The bog standard management process is to get a task, assign it to an individual, train them on how to do it, and then monitor how they get on. I hope that my manifesto has encouraged a bit more dialogue in management than that, but essentially, the goals are the same. We try to ensure that the individual understands what they are doing, and I also try to ensure that they believe in what they are doing. This is quite an instructive method of management. It's about passing on knowledge (and motive) from the manager to the individual.

A draw back in using this management approach is that it doesn't have any method for getting tasks coming the other way. That is, it doesn't provide a framework within which we work to get the individual proposing new tasks and asking for new responsibilities. When I heard the reaction from Will's talk, it occurred to me that my manifesto was missing an important dimension; inspiration.

What is inspiration? I think that inspiration is like a pipe cleaner for the brain. I think our minds get blocked up sometimes and the blockages prevent us from achieving what we're capable of. The blockages can come from apathy, repetition, boredom or even just lack of interest. If we are inspired by something or someone, it's like the blockage is removed, and our energy and thoughts can flow again.

Inspiration is different from motivation. Motivation is the force that is applied to the individual to get them to do something. We often try to generate this force by using salaries, commission, bonuses, promotions, and other incentives. Some people even use punishments. Different motivations can have different levels of effect, or force. However, it's hard to keep this force applied. Hard to ensure that the force remains the same strength over time. For example, look at the motivational effects of a pay rise and how short that motivation lasts for.

The ideal situation is where the individual is producing this motivational force themselves. When this happens we see individuals not only reaching their goals, but going beyond them, pushing forward new ideas, thinking outside the immediate problem into new areas and solutions. When this happens, we get a little managerial magic, and our teams start making us look better than we are. It's no surprise that this would be popular, but the question is how to create this force, and I believe that inspiration is the ideal way of doing it.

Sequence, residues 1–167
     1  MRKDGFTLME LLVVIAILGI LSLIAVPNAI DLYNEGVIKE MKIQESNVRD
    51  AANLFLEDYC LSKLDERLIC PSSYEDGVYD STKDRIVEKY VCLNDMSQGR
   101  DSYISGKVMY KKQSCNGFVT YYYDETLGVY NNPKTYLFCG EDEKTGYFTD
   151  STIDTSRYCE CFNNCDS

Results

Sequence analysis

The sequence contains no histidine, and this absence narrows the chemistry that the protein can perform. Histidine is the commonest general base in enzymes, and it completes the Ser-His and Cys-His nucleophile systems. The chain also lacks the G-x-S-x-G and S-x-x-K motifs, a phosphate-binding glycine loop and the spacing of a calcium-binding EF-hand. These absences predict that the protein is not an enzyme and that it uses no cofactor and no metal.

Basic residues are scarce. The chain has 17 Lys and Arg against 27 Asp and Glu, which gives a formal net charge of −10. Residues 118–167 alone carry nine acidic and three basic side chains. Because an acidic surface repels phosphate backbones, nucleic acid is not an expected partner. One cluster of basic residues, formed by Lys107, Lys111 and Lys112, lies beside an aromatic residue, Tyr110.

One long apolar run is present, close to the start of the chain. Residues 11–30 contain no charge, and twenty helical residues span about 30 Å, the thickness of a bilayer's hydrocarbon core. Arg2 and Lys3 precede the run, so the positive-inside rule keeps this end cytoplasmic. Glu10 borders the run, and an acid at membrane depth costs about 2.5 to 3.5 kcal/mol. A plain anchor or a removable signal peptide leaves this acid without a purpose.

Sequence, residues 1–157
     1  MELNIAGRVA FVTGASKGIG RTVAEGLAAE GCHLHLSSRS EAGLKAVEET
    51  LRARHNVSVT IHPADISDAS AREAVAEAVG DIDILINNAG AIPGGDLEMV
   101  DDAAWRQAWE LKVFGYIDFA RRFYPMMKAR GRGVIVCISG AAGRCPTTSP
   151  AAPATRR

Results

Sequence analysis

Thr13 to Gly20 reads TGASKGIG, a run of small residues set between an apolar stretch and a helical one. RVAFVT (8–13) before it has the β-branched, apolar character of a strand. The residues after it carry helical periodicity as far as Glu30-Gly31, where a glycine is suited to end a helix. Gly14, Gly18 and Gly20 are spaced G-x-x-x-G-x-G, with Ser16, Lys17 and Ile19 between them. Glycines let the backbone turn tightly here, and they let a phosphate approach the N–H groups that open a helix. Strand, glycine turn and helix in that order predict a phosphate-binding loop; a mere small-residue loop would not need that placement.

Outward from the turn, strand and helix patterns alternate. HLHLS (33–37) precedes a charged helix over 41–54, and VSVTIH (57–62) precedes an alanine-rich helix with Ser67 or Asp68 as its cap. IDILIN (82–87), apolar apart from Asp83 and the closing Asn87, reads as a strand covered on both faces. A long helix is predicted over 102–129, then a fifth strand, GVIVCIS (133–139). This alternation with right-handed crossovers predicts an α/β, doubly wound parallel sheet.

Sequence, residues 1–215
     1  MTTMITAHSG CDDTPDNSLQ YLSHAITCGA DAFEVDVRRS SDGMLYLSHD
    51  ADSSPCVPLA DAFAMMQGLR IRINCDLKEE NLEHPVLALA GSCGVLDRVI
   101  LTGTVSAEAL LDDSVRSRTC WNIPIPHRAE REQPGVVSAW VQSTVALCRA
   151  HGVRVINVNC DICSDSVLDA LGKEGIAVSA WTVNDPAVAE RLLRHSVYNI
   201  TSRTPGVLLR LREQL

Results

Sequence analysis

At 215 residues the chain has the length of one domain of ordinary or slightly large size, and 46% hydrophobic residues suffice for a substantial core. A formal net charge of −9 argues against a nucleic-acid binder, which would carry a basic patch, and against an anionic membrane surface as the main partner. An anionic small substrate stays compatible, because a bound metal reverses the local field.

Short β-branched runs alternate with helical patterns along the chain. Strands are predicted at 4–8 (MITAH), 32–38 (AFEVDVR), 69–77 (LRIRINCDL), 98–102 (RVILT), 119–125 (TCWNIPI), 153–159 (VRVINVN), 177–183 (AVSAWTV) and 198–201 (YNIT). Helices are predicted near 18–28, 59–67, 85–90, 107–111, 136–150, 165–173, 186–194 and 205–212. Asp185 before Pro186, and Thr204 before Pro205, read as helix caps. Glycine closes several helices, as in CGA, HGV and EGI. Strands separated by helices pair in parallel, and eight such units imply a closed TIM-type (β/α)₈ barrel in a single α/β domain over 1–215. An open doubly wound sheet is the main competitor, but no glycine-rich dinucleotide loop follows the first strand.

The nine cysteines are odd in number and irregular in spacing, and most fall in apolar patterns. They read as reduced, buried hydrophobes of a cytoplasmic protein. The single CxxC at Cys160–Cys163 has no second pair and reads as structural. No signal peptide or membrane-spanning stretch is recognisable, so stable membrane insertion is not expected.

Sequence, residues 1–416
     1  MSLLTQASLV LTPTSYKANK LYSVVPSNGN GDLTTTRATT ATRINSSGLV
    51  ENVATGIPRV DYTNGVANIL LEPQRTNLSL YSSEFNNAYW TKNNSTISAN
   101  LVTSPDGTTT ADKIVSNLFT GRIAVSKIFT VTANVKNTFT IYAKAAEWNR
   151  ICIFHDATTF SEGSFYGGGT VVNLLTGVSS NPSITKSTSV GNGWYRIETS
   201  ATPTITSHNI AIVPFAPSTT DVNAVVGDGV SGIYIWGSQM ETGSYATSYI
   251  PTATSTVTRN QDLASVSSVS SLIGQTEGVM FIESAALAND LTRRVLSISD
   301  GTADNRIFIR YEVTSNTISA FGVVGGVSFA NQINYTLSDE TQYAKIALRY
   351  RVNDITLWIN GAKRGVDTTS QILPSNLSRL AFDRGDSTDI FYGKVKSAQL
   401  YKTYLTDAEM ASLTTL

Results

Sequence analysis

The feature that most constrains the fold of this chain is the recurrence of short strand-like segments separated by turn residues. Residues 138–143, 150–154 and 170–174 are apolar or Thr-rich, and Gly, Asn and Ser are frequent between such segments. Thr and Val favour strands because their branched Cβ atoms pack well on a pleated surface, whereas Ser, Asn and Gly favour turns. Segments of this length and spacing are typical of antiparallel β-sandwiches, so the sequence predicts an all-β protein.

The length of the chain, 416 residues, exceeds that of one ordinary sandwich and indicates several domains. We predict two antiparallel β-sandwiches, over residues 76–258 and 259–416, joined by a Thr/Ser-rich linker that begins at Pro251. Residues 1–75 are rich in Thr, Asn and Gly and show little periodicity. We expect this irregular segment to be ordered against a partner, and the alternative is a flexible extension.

The hard part in all of this of course is how to inspire people. I don't believe that it's essential to get inspiration from others in your field, I think we can all be inspired by many things. Imagine the incredible story of survival told in the film "Touching the void". That story is an inspiration to everyone about courage and determination, and I think it can have an effect on people in the work place too. The problem with this remote, detatched inspiration is that it can fade from our thoughts. If we can create inspiration within the work place, then it can provide a constant source for individuals to motivate themselves. Look around your office and ask yourselves whether you have people that could inspire. How could you harness that ability and then communicate it across your company? Why aren't you doing it already?

At our place, communication has been allowed to fall behind. We have an opportunity now to create a few inpirational speakers who can communicate our products, services and culture across the company and out to a wider audience. My primary focus when this happens will be to point this inwards and to re-kindle the fires of enthusiasm across the business. I've already been inspired by people at work and it's given me the boost I needed to progress. If we can generate the same effect in every person, then who knows what wonders we can achieve.

So instruct or inspire? Well, I doubt good management will ever move away from the need to instruct your teams. However, we can multiply the results if we also inspire our teams, and if we succeed in doing this at our place, then this will be a very good year. So, instruct and inspire.

Thursday 7 May 2009

Management philosophy carnival (May '09 edition)

Hello to one and all, and welcome to the latest blog carnival at ManageASmile. Today's carnival is a little different as I only have two posts for you. Why? Well mostly because the main post is so good, that I don't think you'll want to digest anything else after you've read it. It's also five pages long. The second post is a little snackette for anyone too busy to take time right now for the main meal. Enjoy.

"In a sense, management theory is what happens to philosophers when you pay them too much." This is just such a great post that you'd be crazy not to read it (in my humble opinion). It's a long one, but the pay-off is a three point management philosphy... no skipping to the end!

Ok, so you don't have time for five pages? Get a quick fix food for thought here on why promotion might not be all you hoped for: